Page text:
Before the war, Mrs. Bamba’s father was one of few Chamorros who held a high position in the U.S. Naval Government. He also owned a 154-hectare farm where he raised livestock and cultivated several crops that he exported to the Philippines. When the Americans retook Guam, they confiscated his land from his family and never returned it. The land is now being used as a Naval Communications Station.

Mrs. Bamba became the president and co-founder of the Guam Landowners’ Association and along with war reparations, also fought for restitution for Chamorros who lost their land after the war. She went to Washington to seek justice on the issue and was the first Chamorro woman to testify before the U.S. Senate.

“My mom didn’t let whatever bad happened to her allow her to wallow in self-pity, instead she forged ahead,” said George Bamba. “She had a really strong purpose in life.”

After Mrs. Bamba’s death, Congressman Underwood finally passed legislation that created a federal Guam War Claims Review Commission in 2002 with the purpose of proving that survivors were not justly compensated during the war. Many of the survivors who testified before the Commission were prepared to tell their story because of Mrs. Bamba’s work. And like Mrs. Bamba, their memories stayed with them until they died.

Edward L.G. Aguon appeared before the Commission and shared that he had watched as his friends were tortured and killed, but could do nothing to help them for fear of losing his own life. His wife, Dr. Katherine Aguon said he talked about the war all the time. “He never forgot his friends that were killed,” she said. “He suffered, too, because he was hit on the back and that hit stayed [with him] throughout his life.” Mr. Aguon died in 2007.

Local Senator Frank F. Blas, Jr. sponsored a weekly testimonial series in the Marianas Variety, which featured the photos and testimonies of 30 survivors who appeared before the commission. Mr. Aguon’s was the first story to be published. Since the series began, two other survivors whose stories were published have died – Dr. Rosa Roberto Carter and Francisco Perez Sablan.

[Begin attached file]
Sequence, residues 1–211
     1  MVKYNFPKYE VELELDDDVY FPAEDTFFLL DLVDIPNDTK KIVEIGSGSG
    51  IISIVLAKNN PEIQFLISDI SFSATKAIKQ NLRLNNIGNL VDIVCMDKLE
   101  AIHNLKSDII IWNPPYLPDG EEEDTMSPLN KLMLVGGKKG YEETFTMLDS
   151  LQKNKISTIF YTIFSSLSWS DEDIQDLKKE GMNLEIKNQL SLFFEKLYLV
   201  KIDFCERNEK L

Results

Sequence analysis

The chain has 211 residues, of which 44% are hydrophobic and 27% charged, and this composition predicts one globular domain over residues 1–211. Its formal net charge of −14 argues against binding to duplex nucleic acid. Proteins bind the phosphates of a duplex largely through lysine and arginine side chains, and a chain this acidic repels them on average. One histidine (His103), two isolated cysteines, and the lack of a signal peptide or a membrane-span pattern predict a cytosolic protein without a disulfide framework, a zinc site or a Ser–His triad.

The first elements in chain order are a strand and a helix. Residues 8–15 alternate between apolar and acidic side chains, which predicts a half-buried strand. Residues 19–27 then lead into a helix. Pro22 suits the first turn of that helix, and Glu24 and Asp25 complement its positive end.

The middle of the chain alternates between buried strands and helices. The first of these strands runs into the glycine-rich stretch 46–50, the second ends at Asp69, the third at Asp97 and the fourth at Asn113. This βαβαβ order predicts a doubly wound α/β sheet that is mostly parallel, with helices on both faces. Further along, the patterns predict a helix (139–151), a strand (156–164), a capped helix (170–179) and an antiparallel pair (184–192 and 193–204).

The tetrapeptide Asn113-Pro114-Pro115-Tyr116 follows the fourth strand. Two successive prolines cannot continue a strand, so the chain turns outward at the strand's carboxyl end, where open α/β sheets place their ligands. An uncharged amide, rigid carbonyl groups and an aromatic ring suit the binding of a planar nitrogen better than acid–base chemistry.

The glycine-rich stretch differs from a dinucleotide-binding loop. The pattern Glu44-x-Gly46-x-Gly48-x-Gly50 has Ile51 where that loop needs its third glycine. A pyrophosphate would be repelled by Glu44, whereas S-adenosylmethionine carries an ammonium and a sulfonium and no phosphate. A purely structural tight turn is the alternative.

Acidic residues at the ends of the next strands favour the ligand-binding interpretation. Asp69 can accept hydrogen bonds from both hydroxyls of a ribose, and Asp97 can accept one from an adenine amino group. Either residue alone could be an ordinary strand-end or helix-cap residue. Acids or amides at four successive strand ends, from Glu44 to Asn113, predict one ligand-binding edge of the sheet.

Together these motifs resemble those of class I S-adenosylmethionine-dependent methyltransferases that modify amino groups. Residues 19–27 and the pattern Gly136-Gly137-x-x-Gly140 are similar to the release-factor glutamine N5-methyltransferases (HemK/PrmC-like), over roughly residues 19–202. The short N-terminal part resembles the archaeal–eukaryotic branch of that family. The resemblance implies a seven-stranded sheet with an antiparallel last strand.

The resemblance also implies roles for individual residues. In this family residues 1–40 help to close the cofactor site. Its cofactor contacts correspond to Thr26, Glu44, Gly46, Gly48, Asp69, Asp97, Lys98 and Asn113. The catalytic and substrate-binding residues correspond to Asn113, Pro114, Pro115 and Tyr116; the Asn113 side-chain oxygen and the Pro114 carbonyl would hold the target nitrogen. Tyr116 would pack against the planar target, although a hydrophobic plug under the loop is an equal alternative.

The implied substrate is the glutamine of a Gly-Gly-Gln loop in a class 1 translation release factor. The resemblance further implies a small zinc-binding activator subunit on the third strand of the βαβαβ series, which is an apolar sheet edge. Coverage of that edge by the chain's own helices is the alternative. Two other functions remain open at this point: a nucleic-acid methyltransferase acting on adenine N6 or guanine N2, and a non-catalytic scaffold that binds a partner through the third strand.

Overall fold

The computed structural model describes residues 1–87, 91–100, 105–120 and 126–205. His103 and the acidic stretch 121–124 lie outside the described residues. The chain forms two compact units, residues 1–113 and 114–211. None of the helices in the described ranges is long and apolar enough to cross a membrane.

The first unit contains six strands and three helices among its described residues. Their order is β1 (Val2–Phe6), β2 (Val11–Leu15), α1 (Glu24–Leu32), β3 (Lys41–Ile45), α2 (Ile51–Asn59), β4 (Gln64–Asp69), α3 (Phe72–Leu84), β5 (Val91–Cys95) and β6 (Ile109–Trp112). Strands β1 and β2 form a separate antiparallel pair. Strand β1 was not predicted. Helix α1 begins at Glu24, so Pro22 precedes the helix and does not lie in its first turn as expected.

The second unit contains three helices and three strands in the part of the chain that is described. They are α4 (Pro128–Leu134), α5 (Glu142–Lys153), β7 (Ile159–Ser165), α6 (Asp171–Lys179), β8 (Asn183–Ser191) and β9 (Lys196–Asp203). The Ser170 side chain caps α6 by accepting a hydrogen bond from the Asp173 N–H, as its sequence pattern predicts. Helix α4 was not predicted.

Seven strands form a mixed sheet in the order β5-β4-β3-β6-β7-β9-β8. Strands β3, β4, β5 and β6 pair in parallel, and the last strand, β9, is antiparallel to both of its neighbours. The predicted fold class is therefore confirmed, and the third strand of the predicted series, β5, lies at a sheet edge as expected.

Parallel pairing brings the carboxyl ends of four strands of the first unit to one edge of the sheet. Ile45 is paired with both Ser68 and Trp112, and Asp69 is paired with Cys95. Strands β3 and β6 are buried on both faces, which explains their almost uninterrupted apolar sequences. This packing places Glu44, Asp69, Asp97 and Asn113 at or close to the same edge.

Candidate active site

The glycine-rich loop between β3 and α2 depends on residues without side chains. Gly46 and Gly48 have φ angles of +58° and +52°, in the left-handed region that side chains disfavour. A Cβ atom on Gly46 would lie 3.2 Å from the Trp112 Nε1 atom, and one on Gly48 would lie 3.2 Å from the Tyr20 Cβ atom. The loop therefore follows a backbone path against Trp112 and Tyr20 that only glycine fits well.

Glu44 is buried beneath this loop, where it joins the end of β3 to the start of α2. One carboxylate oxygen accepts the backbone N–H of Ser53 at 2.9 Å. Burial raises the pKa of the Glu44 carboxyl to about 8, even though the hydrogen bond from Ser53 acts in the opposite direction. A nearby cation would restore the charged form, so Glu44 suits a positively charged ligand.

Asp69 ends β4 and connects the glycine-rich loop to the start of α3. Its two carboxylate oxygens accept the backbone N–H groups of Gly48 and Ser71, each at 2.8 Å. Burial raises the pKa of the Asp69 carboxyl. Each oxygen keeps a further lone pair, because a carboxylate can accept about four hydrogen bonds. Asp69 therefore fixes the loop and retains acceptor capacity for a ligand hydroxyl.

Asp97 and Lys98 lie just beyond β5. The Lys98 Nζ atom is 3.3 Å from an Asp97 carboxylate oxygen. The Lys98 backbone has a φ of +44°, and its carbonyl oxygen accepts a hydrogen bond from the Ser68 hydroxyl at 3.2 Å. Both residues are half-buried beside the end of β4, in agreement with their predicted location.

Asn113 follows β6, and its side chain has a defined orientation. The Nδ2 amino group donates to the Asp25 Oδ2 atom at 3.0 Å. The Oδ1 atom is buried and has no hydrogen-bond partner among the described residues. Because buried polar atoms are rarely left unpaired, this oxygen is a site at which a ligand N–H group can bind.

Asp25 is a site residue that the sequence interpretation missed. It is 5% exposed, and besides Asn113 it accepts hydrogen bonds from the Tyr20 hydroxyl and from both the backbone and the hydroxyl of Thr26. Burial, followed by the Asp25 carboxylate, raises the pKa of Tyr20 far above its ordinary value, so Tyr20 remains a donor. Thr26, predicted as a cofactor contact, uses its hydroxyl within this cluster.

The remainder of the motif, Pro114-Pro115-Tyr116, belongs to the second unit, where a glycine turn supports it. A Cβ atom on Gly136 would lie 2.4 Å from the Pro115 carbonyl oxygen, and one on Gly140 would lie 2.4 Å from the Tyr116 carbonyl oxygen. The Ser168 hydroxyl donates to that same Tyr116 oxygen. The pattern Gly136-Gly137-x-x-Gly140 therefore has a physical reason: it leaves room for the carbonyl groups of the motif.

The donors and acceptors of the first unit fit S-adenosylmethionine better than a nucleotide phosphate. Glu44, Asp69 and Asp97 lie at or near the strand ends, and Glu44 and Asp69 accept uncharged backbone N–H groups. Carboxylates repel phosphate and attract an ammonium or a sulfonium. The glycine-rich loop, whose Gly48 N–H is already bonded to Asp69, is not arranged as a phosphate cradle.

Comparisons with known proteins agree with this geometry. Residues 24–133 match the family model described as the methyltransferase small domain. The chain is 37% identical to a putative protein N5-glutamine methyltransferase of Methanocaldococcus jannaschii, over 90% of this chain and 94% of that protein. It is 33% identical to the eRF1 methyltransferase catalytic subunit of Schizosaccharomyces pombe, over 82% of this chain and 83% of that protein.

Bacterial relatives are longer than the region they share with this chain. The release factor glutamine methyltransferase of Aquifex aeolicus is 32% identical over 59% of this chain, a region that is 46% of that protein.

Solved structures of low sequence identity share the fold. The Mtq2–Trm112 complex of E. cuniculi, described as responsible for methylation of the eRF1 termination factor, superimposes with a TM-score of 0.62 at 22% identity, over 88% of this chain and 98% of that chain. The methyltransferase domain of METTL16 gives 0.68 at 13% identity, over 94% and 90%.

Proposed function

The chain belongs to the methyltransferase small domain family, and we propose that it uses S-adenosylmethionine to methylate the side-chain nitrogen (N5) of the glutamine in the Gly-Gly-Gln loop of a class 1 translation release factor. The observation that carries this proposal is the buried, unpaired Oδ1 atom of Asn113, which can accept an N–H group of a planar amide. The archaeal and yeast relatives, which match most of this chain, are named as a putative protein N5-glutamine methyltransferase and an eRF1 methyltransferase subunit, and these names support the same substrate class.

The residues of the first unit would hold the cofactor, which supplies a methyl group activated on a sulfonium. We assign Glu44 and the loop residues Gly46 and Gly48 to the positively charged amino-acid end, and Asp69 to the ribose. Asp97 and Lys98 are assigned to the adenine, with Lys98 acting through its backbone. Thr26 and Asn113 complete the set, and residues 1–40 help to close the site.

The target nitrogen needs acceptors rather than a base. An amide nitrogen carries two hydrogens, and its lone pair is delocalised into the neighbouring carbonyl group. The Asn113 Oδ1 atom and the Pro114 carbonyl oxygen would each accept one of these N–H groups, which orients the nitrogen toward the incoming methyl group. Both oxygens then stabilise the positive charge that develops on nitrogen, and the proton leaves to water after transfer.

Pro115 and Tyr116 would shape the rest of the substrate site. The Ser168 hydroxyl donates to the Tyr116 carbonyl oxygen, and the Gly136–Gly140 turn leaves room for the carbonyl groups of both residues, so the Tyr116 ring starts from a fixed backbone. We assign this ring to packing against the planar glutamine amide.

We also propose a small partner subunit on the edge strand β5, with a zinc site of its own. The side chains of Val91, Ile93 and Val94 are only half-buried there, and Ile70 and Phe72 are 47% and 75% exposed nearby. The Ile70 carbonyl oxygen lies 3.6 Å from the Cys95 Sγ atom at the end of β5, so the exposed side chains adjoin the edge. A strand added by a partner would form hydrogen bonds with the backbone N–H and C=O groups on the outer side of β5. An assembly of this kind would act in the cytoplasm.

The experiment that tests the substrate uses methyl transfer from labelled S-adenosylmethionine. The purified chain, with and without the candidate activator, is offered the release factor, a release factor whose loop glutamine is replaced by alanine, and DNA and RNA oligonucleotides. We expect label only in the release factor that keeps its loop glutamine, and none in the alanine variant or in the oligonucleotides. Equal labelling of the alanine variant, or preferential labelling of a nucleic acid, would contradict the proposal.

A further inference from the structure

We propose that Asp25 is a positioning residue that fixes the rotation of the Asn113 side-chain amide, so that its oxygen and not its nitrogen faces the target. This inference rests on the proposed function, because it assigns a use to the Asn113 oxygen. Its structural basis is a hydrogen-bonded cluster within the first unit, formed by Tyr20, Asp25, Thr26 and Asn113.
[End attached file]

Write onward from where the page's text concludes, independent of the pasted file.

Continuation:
Mr. Sablan’s family did not know he had agreed to have his photo taken for the series. In the week following his photo shoot, Mr. Sablan's health deteriorated and the family was tending to his needs. They were not aware that his war story was published that Wednesday. He died two days later.

“It was an emotional moment for the family knowing that their dad did this in spite of his failing health,” said Norma J. Aflague, legislative assistant to Senator Blas. “He made that effort, not knowing it would be his last, to unselfishly share his story.”

Mrs. Bamba would have been proud. She believed in the power of these stories.

“It was important to her that the stories of the people and what they went through be made available to future generations,” said George Bamba. “It was just something that she felt in her heart she needed to do to ensure that people knew what that great generation went through. It’s part of our history; it’s part of who we are.”

Cecilia Bamba’s papers, which document the war stories she collected are available at the Micronesian Area Research Center at the University of Guam.